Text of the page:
Letting go is absolutely important in order to live and let live. If I don’t let go, I’m not allowing others to survive. Why are we not willing to let go of circumstances? Circumstances change, nothing stays the same. From one moment to the next, it’s a different scene. We hold onto these scenes in our minds. The image of a particular situation or the impression of something that’s left in the mind keeps repeating in my head. I’m hanging onto this state of consciousness and it’s occupying precious space. I have only a limited amount of space in my mind. I can choose what to do with it. Often it seems that the beautiful memories disappear and only painful memories remain. This is strange because I don’t want to experience pain, and yet I hold onto the painful memories. By thinking about these memories, again and again, I’m inflicting recurring pain on myself. Nobody else is the oppressor. I become my own victim by oppressing myself and not letting go of that particular situation.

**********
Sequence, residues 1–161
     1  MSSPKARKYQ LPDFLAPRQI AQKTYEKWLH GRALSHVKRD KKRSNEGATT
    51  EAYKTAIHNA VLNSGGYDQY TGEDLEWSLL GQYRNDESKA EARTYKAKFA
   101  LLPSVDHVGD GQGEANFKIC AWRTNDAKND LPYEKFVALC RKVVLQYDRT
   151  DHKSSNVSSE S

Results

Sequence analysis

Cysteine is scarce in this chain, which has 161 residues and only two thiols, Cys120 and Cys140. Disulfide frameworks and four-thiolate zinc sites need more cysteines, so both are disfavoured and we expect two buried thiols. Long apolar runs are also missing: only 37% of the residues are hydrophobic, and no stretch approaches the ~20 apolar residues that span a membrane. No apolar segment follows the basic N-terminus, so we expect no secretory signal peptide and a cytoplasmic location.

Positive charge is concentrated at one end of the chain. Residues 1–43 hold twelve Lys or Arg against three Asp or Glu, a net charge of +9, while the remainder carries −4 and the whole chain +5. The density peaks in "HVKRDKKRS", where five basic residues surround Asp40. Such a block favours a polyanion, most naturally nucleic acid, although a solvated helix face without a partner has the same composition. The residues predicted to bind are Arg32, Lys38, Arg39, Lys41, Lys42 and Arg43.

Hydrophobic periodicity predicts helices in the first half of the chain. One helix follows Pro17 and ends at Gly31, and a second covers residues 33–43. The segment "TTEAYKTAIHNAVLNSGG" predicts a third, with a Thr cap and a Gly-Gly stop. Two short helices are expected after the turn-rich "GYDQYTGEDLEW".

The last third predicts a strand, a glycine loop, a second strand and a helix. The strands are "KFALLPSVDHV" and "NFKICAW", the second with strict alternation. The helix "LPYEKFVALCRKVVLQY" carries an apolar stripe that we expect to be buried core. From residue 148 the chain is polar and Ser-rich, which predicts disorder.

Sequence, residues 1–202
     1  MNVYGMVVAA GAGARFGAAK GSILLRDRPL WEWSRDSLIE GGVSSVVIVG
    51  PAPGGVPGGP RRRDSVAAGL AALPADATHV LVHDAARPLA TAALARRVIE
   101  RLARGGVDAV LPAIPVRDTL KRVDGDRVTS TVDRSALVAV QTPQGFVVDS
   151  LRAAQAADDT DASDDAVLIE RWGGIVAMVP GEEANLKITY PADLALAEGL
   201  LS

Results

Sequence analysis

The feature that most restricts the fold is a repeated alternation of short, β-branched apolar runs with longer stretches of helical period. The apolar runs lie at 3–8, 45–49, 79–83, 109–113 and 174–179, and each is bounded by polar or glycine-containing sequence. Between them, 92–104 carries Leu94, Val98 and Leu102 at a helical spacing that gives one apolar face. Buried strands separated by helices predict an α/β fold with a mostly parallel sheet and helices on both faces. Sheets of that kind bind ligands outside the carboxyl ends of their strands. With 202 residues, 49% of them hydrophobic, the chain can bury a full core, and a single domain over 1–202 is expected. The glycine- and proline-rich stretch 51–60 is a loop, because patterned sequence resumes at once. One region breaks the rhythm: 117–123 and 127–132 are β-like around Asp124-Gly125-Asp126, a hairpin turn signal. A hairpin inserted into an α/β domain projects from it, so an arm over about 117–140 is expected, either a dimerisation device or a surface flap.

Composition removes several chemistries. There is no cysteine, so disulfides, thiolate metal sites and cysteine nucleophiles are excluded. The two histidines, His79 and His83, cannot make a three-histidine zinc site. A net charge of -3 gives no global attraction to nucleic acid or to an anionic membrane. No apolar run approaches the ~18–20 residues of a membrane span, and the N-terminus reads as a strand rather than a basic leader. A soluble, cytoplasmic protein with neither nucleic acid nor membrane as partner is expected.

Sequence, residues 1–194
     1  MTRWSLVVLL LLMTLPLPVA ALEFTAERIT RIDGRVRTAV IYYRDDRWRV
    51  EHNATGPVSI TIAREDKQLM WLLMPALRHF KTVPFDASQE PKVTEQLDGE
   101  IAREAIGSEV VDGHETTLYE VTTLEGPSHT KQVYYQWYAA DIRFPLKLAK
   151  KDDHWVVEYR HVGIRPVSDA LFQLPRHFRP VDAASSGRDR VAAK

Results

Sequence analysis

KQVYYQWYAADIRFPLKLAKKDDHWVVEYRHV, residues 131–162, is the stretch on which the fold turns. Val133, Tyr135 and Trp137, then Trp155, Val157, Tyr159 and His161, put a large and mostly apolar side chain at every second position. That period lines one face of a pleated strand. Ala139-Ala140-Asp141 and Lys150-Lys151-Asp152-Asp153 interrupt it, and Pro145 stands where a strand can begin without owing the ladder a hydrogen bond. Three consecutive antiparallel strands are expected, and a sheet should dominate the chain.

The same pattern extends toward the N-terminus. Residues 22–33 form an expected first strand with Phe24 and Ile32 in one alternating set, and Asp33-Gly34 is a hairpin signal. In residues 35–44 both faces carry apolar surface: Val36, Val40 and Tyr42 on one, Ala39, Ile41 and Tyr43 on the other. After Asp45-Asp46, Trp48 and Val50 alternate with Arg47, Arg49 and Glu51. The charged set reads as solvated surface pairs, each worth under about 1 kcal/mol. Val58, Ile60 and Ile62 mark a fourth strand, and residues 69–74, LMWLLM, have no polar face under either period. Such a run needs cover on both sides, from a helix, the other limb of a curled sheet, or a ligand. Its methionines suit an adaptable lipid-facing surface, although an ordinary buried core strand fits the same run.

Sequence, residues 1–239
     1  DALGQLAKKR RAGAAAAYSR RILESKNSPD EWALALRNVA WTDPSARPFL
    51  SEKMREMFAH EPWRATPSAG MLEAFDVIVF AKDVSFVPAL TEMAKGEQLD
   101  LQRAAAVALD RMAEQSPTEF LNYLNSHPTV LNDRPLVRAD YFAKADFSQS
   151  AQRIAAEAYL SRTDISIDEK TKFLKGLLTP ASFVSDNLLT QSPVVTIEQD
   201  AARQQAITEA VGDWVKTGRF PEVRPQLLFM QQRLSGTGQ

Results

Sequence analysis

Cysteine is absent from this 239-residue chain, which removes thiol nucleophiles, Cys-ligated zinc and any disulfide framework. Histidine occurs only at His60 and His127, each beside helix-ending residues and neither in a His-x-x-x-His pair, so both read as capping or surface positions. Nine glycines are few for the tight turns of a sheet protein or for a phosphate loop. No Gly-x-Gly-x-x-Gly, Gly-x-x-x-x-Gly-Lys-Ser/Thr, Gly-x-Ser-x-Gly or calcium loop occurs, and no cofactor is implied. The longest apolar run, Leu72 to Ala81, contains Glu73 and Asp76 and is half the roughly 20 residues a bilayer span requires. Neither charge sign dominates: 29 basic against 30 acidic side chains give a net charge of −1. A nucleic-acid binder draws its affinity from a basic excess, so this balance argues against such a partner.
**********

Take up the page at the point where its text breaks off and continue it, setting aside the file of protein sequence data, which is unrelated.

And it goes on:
Thankfully, we’re not in this state all the time, but certainly there are periods of our life, situations or relationships in which we get stuck. It’s important to allow myself to grow, flow and move forward. If I’m doing that for myself, I’m giving space and permission for everyone else around me to be able to move and grow also.

Practical reality

So that’s the theory – how do you do it? First is to recognise that I need to be doing something about my own inner world, because the process is happening in the mind. It’s on the inner level that I have to be free. Most people think that if they fix things externally then things will get better. Sorting things externally is like putting on sticky tape, it holds things together for a little while and then another bit of tape is needed, and another, and another. A quick fix is not enough. When we understand that things begin in the mind and then move outwards, we can begin to look for the answers inside. I will then come across permanent solutions.